May 1, 2014
On April 30, the Livestock, Rural Development, and Credit Subcommittee of the House Agriculture Committee held a hearing to discuss challenges facing the livestock industry. The most common topics cited were feed costs, drought, animal disease, trade, and the regulatory requirements that impact this sector of the agricultural economy.
Panel 1 – Questions for USDA
The panel one witness was Dr. Joe Glauber, the Chief Economist at the United States Department of Agriculture (USDA). Representatives posed a number of questions to Dr. Glauber that mostly focused on the implementation costs associated with Country of Origin Labeling (COOL) requirements and the Grain Inspection, Packers and Stockyard Administration (GIPSA) rules. The Renewable Fuel Standards set by the Environmental Protection Agency (EPA) were another common topic for discussion in the context of rising feed costs.
Glauber was unable to provide any specific economic projections of the impacts of COOL or GIPSA, and reiterated many times that although ethanol production may be contributing to rising costs of animal feed, many factors have contributed to the inflated prices. Glauber generally expressed optimism about the profitability of the meat industry, mentioning increased demand all meats and especially for chicken.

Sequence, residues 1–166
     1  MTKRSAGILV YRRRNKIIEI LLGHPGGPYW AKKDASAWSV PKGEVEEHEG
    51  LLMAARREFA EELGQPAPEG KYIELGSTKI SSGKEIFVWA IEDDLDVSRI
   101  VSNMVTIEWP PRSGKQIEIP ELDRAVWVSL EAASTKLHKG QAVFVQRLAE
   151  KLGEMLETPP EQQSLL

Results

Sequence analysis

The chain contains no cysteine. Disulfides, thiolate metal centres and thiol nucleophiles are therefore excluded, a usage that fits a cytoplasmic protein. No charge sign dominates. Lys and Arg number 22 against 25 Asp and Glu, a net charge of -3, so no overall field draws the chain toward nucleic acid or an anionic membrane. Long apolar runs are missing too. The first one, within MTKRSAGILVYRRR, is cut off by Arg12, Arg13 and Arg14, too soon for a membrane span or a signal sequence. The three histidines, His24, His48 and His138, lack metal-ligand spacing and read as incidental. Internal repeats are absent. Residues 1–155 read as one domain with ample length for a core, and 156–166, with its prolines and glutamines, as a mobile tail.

Another contentious issue that directed a fair amount of attention on the first panel was the possibility of the U.S. opening trade with Brazil to begin importing beef that could potentially be contaminated with Foot and Mouth Disease. Glauber assured the subcommittee that USDA has conducted a thorough investigation and risk assessment on the issue and has determined that the beef imports are safe.
Panel 2 – Industry and Farm Groups
The second panel was made up of seven representatives of the livestock industry, including spokespeople from Tyson, the National Pork Producers Council, National Cattlemen’s Beef Association, National Chicken Council, American Sheep Industry Association, and the National Turkey Federation, as well as the National Farmer’s Union.
Roger Johnson, President of the National Farmer’s Union, testified in favor of Renewable Fuel Standards, COOL labeling, and the GIPSA fair competition rules, while all the other witnesses spoke against these regulations as contributing factors to decreasing profits in their respective meat industry.
The written statements from each witness are available here.